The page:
- Use of Metatags Results in Tough Disclaimers
- July 29, 2003
- Law Firm: Graydon Head & Ritchey LLP - Cincinnati Office
A United States Appellate Court recently upheld an injunction order that required a company to include on its website a disclaimer directing visitors to the website of a competitor. The court found it necessary to take that step to remedy the initial interest confusion caused by the company's use of the competitor's mark in its metatags.
The parties were both sellers of cost-recovery equipment. The defendant, Equitrac Corp., serviced the plaintiff's products. When the defendant created its website, it included a misspelling of the plaintiff's mark, COPITRAK, in the metatags. Despite the misspelling, the metatag directed search engines to the defendant's website.
In the plaintiff's suit, the district court issued a preliminary injunction directing Equitrac to place the following language on its website: "If you were directed to this site through the term "Copitrack," that is in error as there is no affiliation between Equitrac and that term. The mark "Copitrak" is a registered trademark of Promatek Industries, Ltd., which can be found at www.promatek.com or www.copitrak.com."
Equitrac objected to the language, arguing that the language would not only inform consumers of its competitor, but would also encourage Internet users to immediately go to the other company's website. The court rejected Equitrac's argument though, noting that the language was necessary to remedy initial interest confusion caused by the use of the term in the metatags.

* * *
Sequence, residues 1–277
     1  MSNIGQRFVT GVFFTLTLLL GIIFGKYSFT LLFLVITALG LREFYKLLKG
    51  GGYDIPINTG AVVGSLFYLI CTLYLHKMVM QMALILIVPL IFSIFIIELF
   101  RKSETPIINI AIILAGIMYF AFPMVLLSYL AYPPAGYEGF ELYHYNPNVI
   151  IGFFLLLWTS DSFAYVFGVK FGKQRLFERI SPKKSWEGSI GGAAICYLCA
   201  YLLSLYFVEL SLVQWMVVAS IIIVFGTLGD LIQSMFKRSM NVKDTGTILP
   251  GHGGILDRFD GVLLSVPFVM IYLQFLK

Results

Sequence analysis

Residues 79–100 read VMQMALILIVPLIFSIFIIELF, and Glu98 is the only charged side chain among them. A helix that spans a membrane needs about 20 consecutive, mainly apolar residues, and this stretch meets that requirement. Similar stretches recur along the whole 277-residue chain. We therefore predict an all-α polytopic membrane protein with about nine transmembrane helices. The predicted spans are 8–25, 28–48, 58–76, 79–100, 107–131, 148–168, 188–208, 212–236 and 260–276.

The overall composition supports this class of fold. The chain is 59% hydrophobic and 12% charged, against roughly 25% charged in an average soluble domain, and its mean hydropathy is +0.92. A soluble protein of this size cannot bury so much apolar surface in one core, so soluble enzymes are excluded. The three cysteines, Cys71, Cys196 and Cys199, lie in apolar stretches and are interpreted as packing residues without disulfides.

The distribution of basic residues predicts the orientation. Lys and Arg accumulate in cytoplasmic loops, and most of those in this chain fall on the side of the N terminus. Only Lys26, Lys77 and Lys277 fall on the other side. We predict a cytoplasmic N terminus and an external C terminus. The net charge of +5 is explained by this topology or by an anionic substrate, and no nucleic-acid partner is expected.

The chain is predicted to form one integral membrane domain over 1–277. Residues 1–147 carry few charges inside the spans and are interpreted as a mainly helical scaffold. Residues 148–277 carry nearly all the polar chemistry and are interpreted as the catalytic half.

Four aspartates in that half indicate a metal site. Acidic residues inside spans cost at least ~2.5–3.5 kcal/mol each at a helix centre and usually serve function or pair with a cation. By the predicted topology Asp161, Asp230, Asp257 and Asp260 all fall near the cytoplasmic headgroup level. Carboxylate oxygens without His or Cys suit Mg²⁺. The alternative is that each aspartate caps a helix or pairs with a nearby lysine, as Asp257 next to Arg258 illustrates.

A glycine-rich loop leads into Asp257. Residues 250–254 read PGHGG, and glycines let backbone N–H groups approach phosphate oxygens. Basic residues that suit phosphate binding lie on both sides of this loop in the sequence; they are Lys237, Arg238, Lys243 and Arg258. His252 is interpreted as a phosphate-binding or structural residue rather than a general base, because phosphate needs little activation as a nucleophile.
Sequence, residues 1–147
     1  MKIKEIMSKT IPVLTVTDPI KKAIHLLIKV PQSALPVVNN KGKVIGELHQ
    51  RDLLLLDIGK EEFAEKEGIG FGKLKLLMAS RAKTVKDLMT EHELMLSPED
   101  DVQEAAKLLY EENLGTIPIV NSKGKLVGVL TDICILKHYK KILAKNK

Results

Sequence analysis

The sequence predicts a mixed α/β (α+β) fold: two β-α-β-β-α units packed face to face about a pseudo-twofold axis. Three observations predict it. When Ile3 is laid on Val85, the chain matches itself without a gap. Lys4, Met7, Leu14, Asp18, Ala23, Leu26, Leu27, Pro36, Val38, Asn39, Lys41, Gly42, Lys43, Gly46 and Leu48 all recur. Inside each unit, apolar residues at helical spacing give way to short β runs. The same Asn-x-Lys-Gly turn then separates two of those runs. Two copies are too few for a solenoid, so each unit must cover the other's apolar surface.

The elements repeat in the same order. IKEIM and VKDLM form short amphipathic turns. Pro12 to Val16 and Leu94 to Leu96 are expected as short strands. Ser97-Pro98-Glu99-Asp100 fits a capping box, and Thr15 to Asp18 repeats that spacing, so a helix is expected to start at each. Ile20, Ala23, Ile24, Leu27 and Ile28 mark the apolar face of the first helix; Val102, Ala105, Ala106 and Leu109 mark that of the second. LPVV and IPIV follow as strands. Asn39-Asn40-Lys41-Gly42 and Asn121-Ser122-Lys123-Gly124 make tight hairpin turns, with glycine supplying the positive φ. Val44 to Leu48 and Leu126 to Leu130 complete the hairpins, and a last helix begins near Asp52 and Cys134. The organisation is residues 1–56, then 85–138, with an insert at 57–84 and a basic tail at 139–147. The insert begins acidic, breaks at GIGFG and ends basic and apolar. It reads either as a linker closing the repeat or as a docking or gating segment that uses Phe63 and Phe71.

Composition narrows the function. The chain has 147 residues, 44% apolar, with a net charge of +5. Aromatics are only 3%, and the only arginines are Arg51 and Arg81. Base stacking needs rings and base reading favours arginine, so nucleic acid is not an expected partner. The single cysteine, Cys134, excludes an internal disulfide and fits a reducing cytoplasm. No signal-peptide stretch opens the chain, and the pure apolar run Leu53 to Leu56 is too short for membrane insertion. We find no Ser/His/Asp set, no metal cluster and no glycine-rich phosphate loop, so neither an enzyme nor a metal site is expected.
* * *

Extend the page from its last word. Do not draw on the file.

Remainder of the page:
The court noted, "This is true in this case, because by Equitrac's placing the term Copitrack in its metatag, consumers are diverted to its website and Equitrac reaps the goodwill Promatek developed in the Copitrack mark," the court said. "That consumers who are misled to Equitrac's website are only briefly confused is of little or no consequence. ...What is important is not the duration of the confusion, it is the misappropriation of Promatek's goodwill. Equitrac cannot un-ring the bell."
The court rejected as speculative Equitrac's argument that inclusion of the language would give the plaintiff an economic advantage by encouraging Internet users to go to its competitor's website. Equitrac had not presented evidence that demonstrated that the language had caused it to lose customers to the plaintiff.
Finally, the court noted that even though Equitrak allegedly did not intend to mislead customers with respect to Copitrack quote "the fact remains that there is a strong likelihood of consumer confusion as a result of its use of the Copitrack metatag."
"What is relevant to the preliminary injunction is not that Equitrac may advertise that it is capable of servicing Copitrak," the court said. "Equitrac is free to do so; it is also free to place comparison claims on its website, or include press releases involving the litigation between Equitrac and Promatek. ...It is Equitrac's use of the term Copitrack in its metatag that is a prohibited practice because of its potential for customer confusion."
Metatags are a powerful tool for attracting attention to a website. The court's ruling here recognizes that power.